Thursday

22nd Oct 2020

China supports EU rescue amid export fears

  • Commission President Jose Manuel Barroso and Chinese Premier Wen Jiabao last month (Photo: ec.europa.eu)

China has come out in support of Europe's recently agreed bail-out packages for Greece and other vulnerable eurozone countries, amid concerns the continent's weakened consumer demand and single currency could hit Chinese exports.

Chinese Premier Wen Jiabao offered his support in a telephone call on Monday (10 May) to Spanish Prime Minister Jose Luis Rodriguez Zapatero, whose country currently holds the EU's rotating presidency.

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"We have noted the rescue mechanism for Greece organised and launched by the eurozone and the International Monetary Fund," said Mr Wen according to reports in the Chinese state news agency Xinhua.

"China firmly supports the above actions and believes that each member of the eurozone can overcome the difficulties and realise stable economic growth," he added.

Euro area leaders signed off on a €110 billion bail-out for Greece over the weekend, and paved the way for EU finance ministers to agree a €750 billion support mechanism in the earlier hours of Monday morning, in case other states should also need to request aid. Both packages include money from the IMF.

With the knock-on effects of Greece's debt crisis spreading beyond Europe's borders, sending share prices into free-fall across the globe late last week, a number of analysts and politicians have criticised the speed of Europe's eventual reaction.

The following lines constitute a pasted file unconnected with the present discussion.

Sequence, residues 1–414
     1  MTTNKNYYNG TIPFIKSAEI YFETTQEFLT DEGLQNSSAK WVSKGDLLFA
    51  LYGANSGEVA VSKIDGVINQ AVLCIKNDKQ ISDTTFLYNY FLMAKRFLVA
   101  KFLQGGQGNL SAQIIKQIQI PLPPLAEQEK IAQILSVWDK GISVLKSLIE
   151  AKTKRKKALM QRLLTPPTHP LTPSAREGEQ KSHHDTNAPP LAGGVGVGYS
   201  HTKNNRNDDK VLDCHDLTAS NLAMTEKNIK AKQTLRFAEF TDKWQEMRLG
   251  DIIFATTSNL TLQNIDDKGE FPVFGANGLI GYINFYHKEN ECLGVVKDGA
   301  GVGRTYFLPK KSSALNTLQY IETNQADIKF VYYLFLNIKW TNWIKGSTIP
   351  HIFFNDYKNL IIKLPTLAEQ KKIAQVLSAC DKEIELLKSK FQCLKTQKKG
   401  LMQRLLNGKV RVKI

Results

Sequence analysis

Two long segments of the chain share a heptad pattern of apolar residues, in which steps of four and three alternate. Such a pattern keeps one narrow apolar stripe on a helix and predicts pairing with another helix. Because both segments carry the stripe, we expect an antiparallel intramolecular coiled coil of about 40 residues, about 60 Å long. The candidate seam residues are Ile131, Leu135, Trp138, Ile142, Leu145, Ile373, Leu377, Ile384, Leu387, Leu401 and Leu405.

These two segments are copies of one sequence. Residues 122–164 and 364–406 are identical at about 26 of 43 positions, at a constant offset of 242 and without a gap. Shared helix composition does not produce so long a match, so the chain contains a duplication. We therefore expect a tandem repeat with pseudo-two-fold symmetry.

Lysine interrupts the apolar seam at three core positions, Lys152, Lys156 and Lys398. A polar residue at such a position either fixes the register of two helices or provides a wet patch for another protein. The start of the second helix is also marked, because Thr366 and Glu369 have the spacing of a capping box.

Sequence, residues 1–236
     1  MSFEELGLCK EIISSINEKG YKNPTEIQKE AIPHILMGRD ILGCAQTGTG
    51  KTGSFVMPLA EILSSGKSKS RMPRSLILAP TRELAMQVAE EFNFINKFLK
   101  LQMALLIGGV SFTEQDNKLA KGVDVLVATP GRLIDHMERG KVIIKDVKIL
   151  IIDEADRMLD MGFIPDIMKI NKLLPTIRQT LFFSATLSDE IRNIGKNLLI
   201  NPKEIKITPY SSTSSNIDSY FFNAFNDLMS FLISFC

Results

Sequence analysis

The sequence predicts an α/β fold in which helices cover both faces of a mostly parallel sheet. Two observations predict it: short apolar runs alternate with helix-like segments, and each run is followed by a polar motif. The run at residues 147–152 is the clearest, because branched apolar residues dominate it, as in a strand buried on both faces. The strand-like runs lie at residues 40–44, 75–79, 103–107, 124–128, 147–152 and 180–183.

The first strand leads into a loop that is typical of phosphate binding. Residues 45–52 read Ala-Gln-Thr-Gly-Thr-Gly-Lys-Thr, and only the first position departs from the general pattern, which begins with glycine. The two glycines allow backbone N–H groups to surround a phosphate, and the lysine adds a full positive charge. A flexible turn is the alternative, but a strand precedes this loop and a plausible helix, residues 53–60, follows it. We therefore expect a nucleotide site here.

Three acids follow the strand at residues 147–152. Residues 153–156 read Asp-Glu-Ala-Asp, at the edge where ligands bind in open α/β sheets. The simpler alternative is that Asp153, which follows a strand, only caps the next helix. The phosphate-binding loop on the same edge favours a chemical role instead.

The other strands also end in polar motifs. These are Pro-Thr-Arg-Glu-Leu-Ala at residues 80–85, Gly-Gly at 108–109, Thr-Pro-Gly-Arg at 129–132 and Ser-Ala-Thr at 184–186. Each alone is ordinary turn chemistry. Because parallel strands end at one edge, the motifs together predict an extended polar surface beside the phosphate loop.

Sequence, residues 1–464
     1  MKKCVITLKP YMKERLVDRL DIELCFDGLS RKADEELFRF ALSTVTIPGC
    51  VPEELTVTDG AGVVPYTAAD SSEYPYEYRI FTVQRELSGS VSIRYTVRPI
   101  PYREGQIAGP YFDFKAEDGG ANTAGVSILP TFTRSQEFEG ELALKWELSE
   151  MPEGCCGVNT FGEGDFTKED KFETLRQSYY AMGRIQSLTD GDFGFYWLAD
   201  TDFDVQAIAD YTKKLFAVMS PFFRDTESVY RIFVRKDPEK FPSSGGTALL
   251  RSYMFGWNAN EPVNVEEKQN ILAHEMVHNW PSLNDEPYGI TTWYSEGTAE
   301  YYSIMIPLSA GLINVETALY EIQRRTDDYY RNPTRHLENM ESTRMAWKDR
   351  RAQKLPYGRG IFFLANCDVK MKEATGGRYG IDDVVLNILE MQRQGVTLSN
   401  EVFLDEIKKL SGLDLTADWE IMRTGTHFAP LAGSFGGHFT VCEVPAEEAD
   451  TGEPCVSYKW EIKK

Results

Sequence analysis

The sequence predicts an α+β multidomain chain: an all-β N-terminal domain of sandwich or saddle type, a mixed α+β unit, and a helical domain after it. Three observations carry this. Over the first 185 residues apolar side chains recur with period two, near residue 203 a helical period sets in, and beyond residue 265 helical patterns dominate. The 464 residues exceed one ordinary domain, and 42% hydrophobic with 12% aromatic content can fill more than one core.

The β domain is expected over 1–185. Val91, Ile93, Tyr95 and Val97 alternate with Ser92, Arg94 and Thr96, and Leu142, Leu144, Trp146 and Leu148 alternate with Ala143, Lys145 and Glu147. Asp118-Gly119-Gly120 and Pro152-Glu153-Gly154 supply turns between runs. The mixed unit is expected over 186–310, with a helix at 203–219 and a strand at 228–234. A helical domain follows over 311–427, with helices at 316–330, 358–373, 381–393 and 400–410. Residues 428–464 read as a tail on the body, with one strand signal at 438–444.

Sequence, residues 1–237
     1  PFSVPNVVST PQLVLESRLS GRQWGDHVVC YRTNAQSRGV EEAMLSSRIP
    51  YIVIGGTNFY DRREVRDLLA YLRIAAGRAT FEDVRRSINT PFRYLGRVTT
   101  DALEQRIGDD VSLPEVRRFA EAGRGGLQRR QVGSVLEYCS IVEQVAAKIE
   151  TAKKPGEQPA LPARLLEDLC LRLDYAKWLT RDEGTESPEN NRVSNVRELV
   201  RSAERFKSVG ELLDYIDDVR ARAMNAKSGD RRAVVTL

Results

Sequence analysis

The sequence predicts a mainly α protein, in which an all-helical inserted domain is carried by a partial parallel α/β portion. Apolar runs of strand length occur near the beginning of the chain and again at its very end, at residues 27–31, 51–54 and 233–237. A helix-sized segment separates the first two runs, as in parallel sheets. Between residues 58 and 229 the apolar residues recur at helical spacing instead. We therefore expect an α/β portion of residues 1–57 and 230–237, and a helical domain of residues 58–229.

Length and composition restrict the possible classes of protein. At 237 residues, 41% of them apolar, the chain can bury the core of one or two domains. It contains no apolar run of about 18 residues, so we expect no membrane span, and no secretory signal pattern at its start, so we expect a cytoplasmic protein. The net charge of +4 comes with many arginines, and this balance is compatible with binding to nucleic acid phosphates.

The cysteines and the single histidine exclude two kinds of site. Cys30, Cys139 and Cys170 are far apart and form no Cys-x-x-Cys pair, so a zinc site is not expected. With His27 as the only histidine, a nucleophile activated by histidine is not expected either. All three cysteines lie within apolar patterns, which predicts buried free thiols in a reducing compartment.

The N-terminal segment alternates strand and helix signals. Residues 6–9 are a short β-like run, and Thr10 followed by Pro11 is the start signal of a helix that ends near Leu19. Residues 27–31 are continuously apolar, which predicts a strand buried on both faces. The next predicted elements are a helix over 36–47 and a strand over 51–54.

Europeans "waited too long" with the Greek bail-out and fueled speculation about the fragility of the entire eurozone, one US official told the New York Times on Monday. "Had they acted sooner ... they might have gotten away with less."

Chinese diplomats in Brussels were less confrontational, however. "We understand the necessary process of policy deliberation," Wang Xining, spokesman for the Chinese mission to the EU, told this website.

Beijing's support for the European package is likely to be a least partially motivated by concerns over falling exports, with the EU the number one destination for Chinese products.

Tuesday's edition of the state-run China Daily newspaper says the country's holdings of Greek government bonds are limited, meaning a Greek default would have a limited direct impact on government coffers.

But the spread of Greece's current woes to Spain and Portugal would leave China facing "bigger risks".

"Once the fragile EU economic recovery was again drawn into the plight of this debt crisis, China's export situation will become even more complicated," says the paper.

According to Chinese statistics, China's exports to Europe reached $236.28 billion in 2009, a drop on previous years due the global economic recession.

EU producers have long complained about China's artificially low currency, the yuan, and are currently enjoying the increased price competitiveness brought by the euro which has weakened considerably since the Greek crisis started.

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